Which led to finding this link to American University's alumni magazine for you gentle readers - "Drawn to Washington: Editorial cartoonist for the Washington Examiner, Nate Beeler '02 has a ringside seat for D.C.'s political circus," by Adrienne Frank, American (Spring 2008): 26-27. I don't know why he doesn't tell me about these things - maybe it's the new baby. By the way, the Examiner started running his work in color this past week.

Bought at the same library - three Story magazines, just for R.O. Blechman's covers:

If you haven't read Blechman's graphic novels, such as The Juggler of Our Lady, step away from this website and hunt them up through a used bookseller NOW.

Tuesday, December 11, 2007

American U Prof Wenthe's graphic novel class

Michael got a press release yesterday. I'd take his course if I could.
Source: American University
Released: Mon 10-Dec-2007, 12:50 ET

Graphic Novels Reach Academia

Newswise — Graphic novels, comic books’ grown up counterpart, have gained popular appeal in the last five years thanks to blockbuster Hollywood movies based on graphic novels like 300, Sin City, Ghost Rider and V for Vendetta. Now they have a place in academia. American University literature professor Michael Wenthe has brought the medium to the Department of Literature with a course titled, "The Graphic Novel."

“This definitely is a time when comics in general, and graphic novels as a species of them, have found a lot more general acceptance,” said Wenthe, who also creates comics along with graduate school friend Isaac Cates. “It would not have been nearly as easy to teach such a course 10 years ago, in part because there’s been an explosion of really good material in the last 10 years, but also because the wider public discourse about comics has gotten a lot more nuanced.”

An expert in medieval literature, Wenthe introduces students to the literary characters in graphic novels that find their roots in medieval literature and even the works of Shakespeare. The class has 13 required books including Jimmy Corrigan—the Smartest Kid on Earth by Chris Ware, a 380-page exploration of the bleak life of a middle-aged man and his family’s 100-year history of withdrawal and loneliness. Also required are Alison Bechdel’s graphic memoir Fun Home, Joe Sacco and Christopher Hitchens’ journalistic Safe Area Gorazde: The War in Eastern Bosnia, Lynda Barry’s award-winning 100 Demons, and the complex City of Glass, written in part by Paul Karasik, who visited the class.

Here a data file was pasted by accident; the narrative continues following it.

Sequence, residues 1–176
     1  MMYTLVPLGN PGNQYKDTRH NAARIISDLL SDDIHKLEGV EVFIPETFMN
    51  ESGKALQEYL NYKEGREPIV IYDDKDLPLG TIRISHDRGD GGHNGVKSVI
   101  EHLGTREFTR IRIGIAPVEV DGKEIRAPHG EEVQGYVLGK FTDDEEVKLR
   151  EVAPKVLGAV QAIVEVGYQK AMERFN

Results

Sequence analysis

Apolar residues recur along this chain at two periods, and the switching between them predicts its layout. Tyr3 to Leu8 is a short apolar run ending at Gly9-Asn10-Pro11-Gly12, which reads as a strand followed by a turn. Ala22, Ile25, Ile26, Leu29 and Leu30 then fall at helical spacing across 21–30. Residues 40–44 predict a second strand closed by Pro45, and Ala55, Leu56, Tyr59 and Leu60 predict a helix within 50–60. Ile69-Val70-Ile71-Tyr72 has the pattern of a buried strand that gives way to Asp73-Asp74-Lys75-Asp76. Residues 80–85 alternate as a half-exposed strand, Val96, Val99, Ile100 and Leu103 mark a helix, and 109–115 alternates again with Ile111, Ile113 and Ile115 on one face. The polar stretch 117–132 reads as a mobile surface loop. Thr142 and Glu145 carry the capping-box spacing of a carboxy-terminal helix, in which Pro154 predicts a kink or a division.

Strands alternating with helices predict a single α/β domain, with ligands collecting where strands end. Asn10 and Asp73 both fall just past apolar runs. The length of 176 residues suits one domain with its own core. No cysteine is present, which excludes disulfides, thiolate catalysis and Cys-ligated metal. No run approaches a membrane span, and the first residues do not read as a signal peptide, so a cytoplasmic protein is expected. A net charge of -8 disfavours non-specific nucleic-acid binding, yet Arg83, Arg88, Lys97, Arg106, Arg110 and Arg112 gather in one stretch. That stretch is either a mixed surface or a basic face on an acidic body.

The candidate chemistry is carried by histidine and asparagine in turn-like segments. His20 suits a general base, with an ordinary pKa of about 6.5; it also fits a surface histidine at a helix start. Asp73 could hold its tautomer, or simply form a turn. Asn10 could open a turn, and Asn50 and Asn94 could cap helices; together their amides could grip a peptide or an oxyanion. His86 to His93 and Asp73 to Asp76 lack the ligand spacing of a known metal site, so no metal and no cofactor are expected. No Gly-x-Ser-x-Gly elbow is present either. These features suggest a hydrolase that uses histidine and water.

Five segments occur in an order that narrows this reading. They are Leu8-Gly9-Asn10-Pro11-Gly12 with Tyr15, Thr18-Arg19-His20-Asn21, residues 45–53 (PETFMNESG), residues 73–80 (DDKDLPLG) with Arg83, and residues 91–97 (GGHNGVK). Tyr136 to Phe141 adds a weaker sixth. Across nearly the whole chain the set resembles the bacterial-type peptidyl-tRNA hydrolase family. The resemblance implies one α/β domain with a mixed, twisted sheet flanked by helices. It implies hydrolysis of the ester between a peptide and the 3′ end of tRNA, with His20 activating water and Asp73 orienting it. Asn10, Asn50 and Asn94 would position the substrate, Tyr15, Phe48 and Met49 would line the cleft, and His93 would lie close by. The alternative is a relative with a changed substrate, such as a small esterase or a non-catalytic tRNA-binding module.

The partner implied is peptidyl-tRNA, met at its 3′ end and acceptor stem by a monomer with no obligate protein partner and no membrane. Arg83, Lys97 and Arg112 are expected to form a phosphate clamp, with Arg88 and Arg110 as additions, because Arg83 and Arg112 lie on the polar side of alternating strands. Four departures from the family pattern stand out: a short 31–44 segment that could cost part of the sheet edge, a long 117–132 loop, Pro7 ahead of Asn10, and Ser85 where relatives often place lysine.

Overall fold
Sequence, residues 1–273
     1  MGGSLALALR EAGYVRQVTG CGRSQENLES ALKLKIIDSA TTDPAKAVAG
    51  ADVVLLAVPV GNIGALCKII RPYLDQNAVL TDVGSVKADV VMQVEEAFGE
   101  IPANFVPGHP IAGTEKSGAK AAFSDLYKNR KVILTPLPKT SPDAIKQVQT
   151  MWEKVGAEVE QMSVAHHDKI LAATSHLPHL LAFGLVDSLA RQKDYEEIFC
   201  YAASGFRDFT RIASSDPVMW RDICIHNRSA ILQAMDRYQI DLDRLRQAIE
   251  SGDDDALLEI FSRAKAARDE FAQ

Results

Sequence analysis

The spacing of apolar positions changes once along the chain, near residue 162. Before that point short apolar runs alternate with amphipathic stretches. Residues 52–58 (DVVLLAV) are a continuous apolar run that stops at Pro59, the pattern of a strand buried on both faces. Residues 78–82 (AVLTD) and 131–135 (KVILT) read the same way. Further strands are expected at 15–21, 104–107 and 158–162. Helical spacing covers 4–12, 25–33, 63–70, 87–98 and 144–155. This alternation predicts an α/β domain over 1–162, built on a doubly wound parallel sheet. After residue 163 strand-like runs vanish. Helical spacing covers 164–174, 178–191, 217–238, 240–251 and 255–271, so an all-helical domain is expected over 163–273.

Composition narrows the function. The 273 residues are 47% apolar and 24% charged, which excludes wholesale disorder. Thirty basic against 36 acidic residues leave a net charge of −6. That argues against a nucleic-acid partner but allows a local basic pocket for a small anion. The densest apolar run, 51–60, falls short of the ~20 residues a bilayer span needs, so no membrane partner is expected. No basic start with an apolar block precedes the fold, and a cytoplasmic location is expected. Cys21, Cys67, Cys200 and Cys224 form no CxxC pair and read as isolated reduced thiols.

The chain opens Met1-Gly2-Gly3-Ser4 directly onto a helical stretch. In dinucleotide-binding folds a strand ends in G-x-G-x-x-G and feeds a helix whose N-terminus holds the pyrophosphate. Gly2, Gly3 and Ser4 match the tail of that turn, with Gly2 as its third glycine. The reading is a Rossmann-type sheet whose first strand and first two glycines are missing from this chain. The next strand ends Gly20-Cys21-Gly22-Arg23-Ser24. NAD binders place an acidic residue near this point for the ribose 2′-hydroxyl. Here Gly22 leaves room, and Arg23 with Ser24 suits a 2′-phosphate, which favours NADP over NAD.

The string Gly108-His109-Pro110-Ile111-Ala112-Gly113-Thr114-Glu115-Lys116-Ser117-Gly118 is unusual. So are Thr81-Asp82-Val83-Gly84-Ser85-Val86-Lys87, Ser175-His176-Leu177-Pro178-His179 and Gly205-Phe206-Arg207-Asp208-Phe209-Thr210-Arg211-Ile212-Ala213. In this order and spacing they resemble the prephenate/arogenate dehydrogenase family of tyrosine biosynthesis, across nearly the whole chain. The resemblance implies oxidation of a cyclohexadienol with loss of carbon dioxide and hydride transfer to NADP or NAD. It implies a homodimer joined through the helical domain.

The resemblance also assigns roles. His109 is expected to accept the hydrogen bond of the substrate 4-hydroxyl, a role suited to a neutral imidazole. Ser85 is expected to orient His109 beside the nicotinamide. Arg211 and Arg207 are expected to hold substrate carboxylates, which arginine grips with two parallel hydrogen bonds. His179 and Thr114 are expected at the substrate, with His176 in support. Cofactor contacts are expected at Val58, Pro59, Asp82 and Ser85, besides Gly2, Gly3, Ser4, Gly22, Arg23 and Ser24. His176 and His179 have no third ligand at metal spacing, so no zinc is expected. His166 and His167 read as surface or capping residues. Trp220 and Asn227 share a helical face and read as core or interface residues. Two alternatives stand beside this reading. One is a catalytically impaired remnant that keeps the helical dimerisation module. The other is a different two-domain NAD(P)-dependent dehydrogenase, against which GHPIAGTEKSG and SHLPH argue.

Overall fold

No longer relegated to the ever-ridiculed comic book store, graphic novels delve deeper into the human experience, rarely feature a superhero and are now popping up with regularity in libraries and book stores. Many graphic novels have even garnered major literary prizes, including the American Book Award. Wenthe is not the only academic teaching the virtues of comic books. Wake Forest University Sociologist Saylor Breckenridge has researched the subject, studying the relationship between comic books and popular culture.

Wenthe was trained in medieval literature at Duke, Harvard, Oxford, and Yale. His primary research interest – aside from graphic novels – involves international literature of King Arthur, and his current book project has the working title Arthurian Outsiders: The Dynamic of Difference in the Matter of Britain.

American University ( is a leader in global education, enrolling a diverse student body from throughout the U.S. and nearly 150 countries. Located in Washington, D.C., the university provides opportunities for academic excellence, public service and internships in the nation’s capital and around the world.